Influence of sea ice decline, atmospheric warming, and glacier width on marine-terminating outlet glacier behavior in northwest Greenland at seasonal to interannual timescales

J. Rachel Carr, Andreas Vieli, Chris Stokes

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Abstract

Discharge from marine-terminating outlet glaciers represents a key component of the Greenland Ice Sheet mass budget and observations suggest that mass loss from northwest Greenland has recently accelerated. Despite this, the factors controlling outlet glacier dynamics within this region have been comparatively poorly studied. Here we use remotely sensed data to investigate the influence of atmospheric, oceanic, and glacier-specific controls on the frontal position of Alison Glacier (AG), northwest Greenland, and nine surrounding outlet glaciers. AG retreated by 9.7 km between 2001 and 2005, following at least 25 years of minimal change. Results suggest that sea ice and air temperatures influence glacier frontal position at seasonal and interannual timescales. However, the response of individual outlet glaciers to forcing was strongly modified by factors specific to each glacier, specifically variations in fjord width and terminus type. Overall, our results underscore the need to consider these factors in order to interpret recent rapid changes and predict the dynamic response of marine-terminating outlet glaciers to atmospheric and oceanic forcing.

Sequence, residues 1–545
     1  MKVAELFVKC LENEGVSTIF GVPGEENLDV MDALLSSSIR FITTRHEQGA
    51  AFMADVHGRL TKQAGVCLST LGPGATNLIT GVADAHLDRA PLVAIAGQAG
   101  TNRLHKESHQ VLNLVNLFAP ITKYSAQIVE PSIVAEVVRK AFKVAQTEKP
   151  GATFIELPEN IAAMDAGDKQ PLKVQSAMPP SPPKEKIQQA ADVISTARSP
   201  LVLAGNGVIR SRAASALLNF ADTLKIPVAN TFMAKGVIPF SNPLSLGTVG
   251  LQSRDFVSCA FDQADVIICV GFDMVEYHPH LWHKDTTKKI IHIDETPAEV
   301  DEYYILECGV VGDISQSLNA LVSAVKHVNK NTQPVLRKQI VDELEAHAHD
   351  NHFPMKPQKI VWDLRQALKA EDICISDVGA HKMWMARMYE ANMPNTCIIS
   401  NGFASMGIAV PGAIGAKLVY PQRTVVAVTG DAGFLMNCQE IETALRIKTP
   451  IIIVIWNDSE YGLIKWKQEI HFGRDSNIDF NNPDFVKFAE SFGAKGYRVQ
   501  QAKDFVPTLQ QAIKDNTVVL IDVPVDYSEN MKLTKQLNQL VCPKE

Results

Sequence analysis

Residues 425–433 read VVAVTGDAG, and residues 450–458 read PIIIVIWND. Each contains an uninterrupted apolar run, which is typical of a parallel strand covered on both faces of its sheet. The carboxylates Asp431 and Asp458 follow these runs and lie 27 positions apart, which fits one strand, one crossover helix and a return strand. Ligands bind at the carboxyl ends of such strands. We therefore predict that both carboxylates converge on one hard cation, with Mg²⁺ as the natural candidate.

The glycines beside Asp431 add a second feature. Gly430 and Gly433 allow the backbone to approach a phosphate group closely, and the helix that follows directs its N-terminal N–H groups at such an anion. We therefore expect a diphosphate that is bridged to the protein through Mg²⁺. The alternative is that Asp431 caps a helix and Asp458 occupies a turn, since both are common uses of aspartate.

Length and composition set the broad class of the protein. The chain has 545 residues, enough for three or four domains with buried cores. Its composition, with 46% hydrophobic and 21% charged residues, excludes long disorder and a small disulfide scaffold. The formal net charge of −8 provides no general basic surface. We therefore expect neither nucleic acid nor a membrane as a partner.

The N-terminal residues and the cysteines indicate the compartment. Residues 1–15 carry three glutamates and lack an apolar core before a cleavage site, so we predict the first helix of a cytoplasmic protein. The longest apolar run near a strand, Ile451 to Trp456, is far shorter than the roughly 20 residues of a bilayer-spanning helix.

Original languageEnglish
Pages (from-to)1210-1226
JournalJournal of Geophysical Research: Earth Surface
Volume118
Issue number3
DOIs
Publication statusPublished - 01 Sept 2013

Keywords

  • Greenland Ice Sheet
  • Tidewater glacier
  • Arctic
  • Cryosphere
  • Glacier dynamics
  • Climate change

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